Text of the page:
“That’s all I wanted…,” she choked out between sobs. “I always thought…”
…always thought it would be just like her mom and dad for them, “till death us do part,” grow old together, never such betrayal, such wrenching pain.
Then the stress of all the pain and confusion and bewildered crying “Why?” gave way, from sheer exhaustion, to broken, mixed-up grief-laughter. And we grief-laughed and friend-prayed together a near incoherent prayer for help amid “we-don’t-know”s…
A giant pilgrim step from where we were an hour or so before, us sequestered upstairs—right beside my prayer window, in fact, but we weren’t sitting there praying, we were wrestling off a violent attack of utter unbelief.
I’d mentioned God, something about God, and she had answered in dead tone, “I don’t know if I even believe in God.”
I gasped. These words from her mouth! It stunned me, knocked me into silence, where no answers hid, no clever theology or gospel re-presentation or trite truism. I was just there, I had to leave it where it was right then, that instant agnosticism, born of her own shock, disbelief at the death blow to what she’d believed a lifelong certainty. This couldn’t be happening, so what was reality?
Somehow in the talking out, the dumping down on the bedroom floor, all the bruising, breath-stealing pounding of the necessary echoing the thing had to do in her head, her heart, before actuality could push its way through… Somehow, slowly, half-inch by half-inch, she dragged one thought up to the next, and God wedged Himself into the chaos, and so, by the time we were back downstairs and out to that porch bench, her heart was praying along with my inarticulation…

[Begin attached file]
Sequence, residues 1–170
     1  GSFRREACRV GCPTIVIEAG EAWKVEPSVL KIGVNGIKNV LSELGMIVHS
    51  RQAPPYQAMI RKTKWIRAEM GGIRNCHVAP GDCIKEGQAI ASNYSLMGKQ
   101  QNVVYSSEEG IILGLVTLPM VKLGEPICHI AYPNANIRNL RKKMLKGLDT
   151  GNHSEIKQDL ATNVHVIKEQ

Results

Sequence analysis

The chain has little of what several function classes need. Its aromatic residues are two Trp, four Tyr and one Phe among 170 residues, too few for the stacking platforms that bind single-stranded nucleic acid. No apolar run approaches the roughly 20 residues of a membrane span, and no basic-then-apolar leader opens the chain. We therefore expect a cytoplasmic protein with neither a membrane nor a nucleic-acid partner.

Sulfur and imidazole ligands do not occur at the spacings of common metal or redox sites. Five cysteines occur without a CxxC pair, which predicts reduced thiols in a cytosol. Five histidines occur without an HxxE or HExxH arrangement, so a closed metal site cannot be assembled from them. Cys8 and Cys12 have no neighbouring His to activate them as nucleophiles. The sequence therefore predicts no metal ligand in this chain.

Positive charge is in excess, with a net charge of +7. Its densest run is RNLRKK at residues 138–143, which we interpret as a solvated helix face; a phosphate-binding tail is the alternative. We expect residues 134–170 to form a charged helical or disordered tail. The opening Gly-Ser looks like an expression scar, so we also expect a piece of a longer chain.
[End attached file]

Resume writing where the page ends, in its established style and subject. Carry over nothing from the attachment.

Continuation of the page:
And she survived—that cruel day and a lot of other cruel days and weeks and months to follow. But more than survived.
Fast forward years. We were driving home from hearing Joni Erickson Tada speak—speak from the wheelchair she spends her life in, since that diving accident drove her down, down, from her ho-hum Christianity to the pit of such despair she’d begged her best friend to smother out her life… then up, slowly up, to the glow of joy in Christ that shown out now around her from the epicenter of her smile, all over that audience.
We’d visited that place not long before, and heard Jill Kelly speak: of her own world getting brutally “wrecked,” how it drove her to the Jesus she’d have nothing to do with before… And we’d seen another smile then that kept glowing unrepressed like sunlight, despite the ongoing tragedy…
And I asked my friend, When in your life did your faith grow most?
And I think you can guess. Same kind of time as when mine grew, when my world crashed.
God lets life break us. Then picks up the pieces. And puts them back together, but now in a stained-glass window, that His light shines beautiful grace through. He knows what will grow faith.